By Abdulkareem Baba Aminu
The opening of ‘Blackouts’, the first solo show by Abuja-based Chike Emembo in a decade, was graced by an enthusiastic and engaged audience. Held captive by the works on display, many of them were either arguing about intellectual positions or in a passionate discussion. Some of them looked at the work in a most spellbound manner. This is totally expected, of course, being that the art debuted also includes new directions from the artist, shown on the massive walls of the famous Orisun Gallery, in Central Area, Abuja.
After the tape had been cut and the exhibition declared open, Emembo, alongside the curator of the exhibition, Susa Rodriguez-Garrido, engaged guests as refreshments were served. In attendance were many artists, enthusiasts, and collectors. Journalists also interviewed the artist, the curator, as well as attendees on their impressions of the work.
One thing stands out about all the work, typical of the artist’s work: A boldness of colour, theme, and composition, as well as a brilliance that makes a good number of them come across as instantly iconic.
About half of the 22 works are in the same vein as Emembo’s work of the past five years, while the other half showcases his evolution and growth, as well as forays into newer materials. But one thing stands out about all the work, typical of the artist’s work: A boldness of colour, theme, and composition, as well as a brilliance that makes a good number of them come across as instantly iconic.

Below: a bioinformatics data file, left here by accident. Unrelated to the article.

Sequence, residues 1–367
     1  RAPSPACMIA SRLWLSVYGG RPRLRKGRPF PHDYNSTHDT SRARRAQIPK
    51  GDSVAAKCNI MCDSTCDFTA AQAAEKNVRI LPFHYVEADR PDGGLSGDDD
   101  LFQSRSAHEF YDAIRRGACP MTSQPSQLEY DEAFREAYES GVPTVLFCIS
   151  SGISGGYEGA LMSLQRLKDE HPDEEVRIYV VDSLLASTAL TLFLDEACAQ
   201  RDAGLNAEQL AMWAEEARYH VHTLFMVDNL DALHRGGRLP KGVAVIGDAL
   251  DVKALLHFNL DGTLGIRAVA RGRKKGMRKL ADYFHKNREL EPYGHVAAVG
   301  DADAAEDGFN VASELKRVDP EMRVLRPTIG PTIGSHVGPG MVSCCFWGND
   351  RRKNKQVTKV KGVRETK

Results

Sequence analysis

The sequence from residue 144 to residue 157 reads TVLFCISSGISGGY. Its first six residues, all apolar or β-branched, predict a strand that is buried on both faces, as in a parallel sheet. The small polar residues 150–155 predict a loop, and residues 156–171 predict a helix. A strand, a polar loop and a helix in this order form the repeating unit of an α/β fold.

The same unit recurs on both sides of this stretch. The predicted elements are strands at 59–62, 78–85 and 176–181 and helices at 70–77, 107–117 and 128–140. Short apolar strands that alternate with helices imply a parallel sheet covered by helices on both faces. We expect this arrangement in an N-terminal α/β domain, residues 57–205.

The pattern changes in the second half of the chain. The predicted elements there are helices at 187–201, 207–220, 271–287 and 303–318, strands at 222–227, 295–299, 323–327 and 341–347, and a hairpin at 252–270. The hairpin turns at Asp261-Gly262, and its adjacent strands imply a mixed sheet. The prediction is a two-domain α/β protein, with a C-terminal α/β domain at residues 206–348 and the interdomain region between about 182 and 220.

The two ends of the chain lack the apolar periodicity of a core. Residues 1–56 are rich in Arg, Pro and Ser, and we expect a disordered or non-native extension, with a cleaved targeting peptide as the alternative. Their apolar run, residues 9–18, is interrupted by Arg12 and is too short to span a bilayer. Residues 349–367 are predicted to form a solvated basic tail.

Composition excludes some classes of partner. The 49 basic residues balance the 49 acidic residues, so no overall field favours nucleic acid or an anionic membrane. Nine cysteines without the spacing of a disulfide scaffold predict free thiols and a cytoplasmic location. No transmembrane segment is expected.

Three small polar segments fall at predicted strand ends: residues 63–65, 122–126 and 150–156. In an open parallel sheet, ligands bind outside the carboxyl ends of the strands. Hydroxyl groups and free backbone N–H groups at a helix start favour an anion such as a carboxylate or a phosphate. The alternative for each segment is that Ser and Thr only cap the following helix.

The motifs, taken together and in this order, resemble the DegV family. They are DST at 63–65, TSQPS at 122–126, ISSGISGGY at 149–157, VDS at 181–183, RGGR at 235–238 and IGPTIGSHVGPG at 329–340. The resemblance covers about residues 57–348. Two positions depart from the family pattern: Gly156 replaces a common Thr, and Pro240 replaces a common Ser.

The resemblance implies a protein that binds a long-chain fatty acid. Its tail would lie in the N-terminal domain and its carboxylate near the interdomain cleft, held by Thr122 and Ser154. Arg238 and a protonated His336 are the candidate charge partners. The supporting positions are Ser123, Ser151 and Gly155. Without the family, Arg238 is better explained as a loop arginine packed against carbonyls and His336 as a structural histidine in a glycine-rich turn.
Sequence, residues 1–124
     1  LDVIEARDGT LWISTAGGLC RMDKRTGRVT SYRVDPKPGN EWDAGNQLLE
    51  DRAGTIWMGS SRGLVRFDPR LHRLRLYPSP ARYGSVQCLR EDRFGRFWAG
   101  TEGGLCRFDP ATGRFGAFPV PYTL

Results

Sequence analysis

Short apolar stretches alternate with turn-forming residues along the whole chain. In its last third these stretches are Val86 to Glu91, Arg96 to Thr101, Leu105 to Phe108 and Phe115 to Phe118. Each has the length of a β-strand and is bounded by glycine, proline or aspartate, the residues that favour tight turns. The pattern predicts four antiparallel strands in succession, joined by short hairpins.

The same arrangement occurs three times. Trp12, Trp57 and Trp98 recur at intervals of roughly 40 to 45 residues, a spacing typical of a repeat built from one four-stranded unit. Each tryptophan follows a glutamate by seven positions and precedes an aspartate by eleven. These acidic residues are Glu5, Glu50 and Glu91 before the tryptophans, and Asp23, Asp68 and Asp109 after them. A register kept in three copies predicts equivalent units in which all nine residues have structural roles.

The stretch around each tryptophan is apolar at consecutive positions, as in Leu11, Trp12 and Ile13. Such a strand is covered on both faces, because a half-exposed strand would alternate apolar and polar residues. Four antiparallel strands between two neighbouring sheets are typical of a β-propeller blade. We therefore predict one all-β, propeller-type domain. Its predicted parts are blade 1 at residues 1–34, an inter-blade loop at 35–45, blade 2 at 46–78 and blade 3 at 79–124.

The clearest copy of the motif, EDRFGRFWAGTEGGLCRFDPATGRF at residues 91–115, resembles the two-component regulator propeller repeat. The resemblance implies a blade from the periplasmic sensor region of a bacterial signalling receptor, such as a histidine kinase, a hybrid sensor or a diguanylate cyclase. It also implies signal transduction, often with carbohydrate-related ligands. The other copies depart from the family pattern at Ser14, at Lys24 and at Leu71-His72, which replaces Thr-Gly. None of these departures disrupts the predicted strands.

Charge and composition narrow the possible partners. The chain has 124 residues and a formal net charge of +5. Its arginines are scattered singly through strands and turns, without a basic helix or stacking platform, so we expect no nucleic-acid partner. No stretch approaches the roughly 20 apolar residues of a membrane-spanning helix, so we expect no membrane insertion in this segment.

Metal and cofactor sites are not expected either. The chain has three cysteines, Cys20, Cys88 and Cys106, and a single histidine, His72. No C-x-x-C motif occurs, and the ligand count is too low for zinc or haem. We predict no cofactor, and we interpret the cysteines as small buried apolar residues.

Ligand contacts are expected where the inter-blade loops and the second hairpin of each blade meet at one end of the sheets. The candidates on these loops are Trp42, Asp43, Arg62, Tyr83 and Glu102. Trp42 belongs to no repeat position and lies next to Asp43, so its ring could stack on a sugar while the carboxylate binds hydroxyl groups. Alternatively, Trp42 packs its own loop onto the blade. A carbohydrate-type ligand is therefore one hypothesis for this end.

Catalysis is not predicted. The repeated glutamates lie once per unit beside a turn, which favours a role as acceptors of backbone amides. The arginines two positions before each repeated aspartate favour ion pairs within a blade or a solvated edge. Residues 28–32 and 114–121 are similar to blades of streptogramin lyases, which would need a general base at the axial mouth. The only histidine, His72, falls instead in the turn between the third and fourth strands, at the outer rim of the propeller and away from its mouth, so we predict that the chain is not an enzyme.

Speaking of iconic, also evident across Emembo’s oeuvre is his tendency to feature black-skinned subjects within biblical contexts and iconography. According to him, it is important that the Bible is recognized as a multicultural book. “Accurately presenting the icons provides some form of acceptance and closure for the underrepresented,” he said.
Also evident across Emembo’s oeuvre is his tendency to feature black-skinned subjects within biblical contexts and iconography.
Buttressing those points, the curator of the exhibition, Rodriguez-Garrido, added that the works touch on theological themes, interspersed with socio-cultural content. She also said: “It is time for Africans to define themselves, rather than compare themselves with something from the outside, and art events like ‘Blackouts’ are a good opportunity to reflect and debate crucial arguments like this one.”
Femi Coker, the Manager of Orisun Gallery, thanked guests and closed with a statement that declared the exhibition a tribute to great Nigerian artists, of which he also added Emembo is becoming one.
The ‘Blackouts’ exhibition was slated to remain open till Sunday, 26th June, but it has been extended till Friday, 1st July for an encore viewing, at the Orisun Gallery, situated within Tropic Galleria, adjacent to Grand Square, Central Area, Abuja.